3. Results

3.1. Transmission Electron Microscopy and Visual Solution Images

Primary particle mean size of the 13 nm Au NPs was  nm and of the 4 nm Au NPs was  nm (Figure  S1). All samples exhibited consistent spherical morphology (Figure S1 in Supplementary Material available online at TEM was used to visualize the hybridized NPs, in this case the 13 nm Au A1 + C1 NPs, which demonstrates the large 3-dimensional networks of NPs that are formed when the DNA hybridizes (Figures 1(a) and 1(b)). Functionalization of the 13 nm Au NPs with different oligonucleotide sequences did not alter the particle morphology (Figure 1(b)). Also, fairly uniform spacing of the 13 nm Au NPs is observed (Figure 1(b)). The 4 nm Au A1 + C1 NPs are shown in Figure 1(c), forming networks 200 to 300 nm in size with the high salt concentration necessary to hybridize these NPs evident in the image. The 4 nm Au A1-pA + C1-pA NPs formed large, tightly packed networks microns in size (Figure 1(d)) with salt residue visible under TEM for this sample also. The difference in the oligonucleotide lengths, due to the presence of the poly-A sequence, can be observed when comparing the interparticle spacing of the 4 nm Au A1 + C1 NPs to that of the 4 nm Au A1-pA + C1-pA NPs (Figures 1(c) and 1(d)).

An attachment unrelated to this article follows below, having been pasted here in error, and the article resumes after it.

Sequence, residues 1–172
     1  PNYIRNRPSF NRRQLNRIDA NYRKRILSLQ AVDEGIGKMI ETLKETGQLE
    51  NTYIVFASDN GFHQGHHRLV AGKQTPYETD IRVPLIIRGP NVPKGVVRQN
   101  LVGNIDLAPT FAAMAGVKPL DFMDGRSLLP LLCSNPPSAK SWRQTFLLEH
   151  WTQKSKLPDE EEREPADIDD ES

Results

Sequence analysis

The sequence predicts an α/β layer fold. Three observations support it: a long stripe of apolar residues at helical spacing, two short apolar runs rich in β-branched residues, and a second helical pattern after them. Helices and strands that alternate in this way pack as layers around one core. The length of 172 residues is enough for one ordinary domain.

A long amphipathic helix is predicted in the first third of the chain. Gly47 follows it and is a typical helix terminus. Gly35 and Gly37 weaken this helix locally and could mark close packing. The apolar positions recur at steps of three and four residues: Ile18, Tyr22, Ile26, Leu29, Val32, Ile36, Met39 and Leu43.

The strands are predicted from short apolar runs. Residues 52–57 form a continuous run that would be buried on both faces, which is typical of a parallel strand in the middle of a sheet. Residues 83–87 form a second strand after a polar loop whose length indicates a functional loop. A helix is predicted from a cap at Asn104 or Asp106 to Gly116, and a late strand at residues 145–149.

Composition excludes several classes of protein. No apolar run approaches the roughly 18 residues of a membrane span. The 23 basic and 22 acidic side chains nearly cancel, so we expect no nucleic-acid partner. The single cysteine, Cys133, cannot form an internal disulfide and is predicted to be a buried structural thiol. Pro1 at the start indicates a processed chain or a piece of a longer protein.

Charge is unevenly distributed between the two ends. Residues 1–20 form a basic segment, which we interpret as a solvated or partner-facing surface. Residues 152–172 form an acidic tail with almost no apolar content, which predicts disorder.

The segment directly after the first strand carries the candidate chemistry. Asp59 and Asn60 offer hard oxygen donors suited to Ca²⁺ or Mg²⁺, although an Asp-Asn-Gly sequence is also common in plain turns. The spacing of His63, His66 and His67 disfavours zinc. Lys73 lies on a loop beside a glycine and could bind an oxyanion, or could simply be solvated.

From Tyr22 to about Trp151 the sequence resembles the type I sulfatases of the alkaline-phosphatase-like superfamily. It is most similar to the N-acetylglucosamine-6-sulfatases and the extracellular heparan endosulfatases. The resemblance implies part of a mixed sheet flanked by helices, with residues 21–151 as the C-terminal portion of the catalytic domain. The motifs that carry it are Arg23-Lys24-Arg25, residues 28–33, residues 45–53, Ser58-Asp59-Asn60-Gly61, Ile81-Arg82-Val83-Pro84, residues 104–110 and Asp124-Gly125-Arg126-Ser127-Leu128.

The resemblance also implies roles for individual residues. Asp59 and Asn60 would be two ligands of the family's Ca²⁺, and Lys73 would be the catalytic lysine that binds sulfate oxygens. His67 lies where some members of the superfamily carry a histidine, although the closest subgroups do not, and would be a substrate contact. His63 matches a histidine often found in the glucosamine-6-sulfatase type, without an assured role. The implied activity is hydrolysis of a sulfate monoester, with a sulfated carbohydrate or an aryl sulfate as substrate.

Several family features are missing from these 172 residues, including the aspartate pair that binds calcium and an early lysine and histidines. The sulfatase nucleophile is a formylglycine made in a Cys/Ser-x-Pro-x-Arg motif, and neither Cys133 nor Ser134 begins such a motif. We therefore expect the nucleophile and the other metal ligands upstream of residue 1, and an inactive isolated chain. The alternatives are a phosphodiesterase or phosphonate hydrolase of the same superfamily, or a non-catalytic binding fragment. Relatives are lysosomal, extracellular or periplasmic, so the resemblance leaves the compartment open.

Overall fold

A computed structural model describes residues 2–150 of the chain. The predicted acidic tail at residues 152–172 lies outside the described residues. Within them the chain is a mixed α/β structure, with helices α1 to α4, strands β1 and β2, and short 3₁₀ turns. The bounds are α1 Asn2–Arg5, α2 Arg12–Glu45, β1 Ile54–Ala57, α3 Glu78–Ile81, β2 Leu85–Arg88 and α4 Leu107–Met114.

Figure 1: TEM imaging of functionalized and hybridized 13 nm Au NPs and hybridized 4 nm Au NPs. (a) Hybridized 13 nm Au A1 + C1 NPs. (b) Higher magnification TEM image of the boxed area in (a). (c) Hybridized 4 nm Au A1 + C1 NPs. (d) Hybridized 4 nm Au A1-pA + C1-pA NPs.
3.2. UV-Vis Spectroscopy

The UV-Vis spectra obtained for the 13 nm Au NPs are shown in Figure  S2. The absorption maxima for the 13 nm Au NPs occurred at a wavelength of 520 nm, which correlates well to literature values [32]. Using an extinction coefficient of 1.39E8 M−1 cm−1 [32], the molar particle concentration was determined to be ~10 nM. The absorption maximum for the 4 nm Au NPs was measured at 506 nm (Figure  S2D) and the molar particle concentration was determined to be ~167 nM. The values for the 4 nm Au NPs compare well to theoretical values and also demonstrate the blue-shift of the LSPR peak as particle size decreases when compared to the 13 nm Au NP spectra. The ratio is also in good agreement with literature values at 1.18 compared to a value of 1.19, which was theoretically determined [34, 40].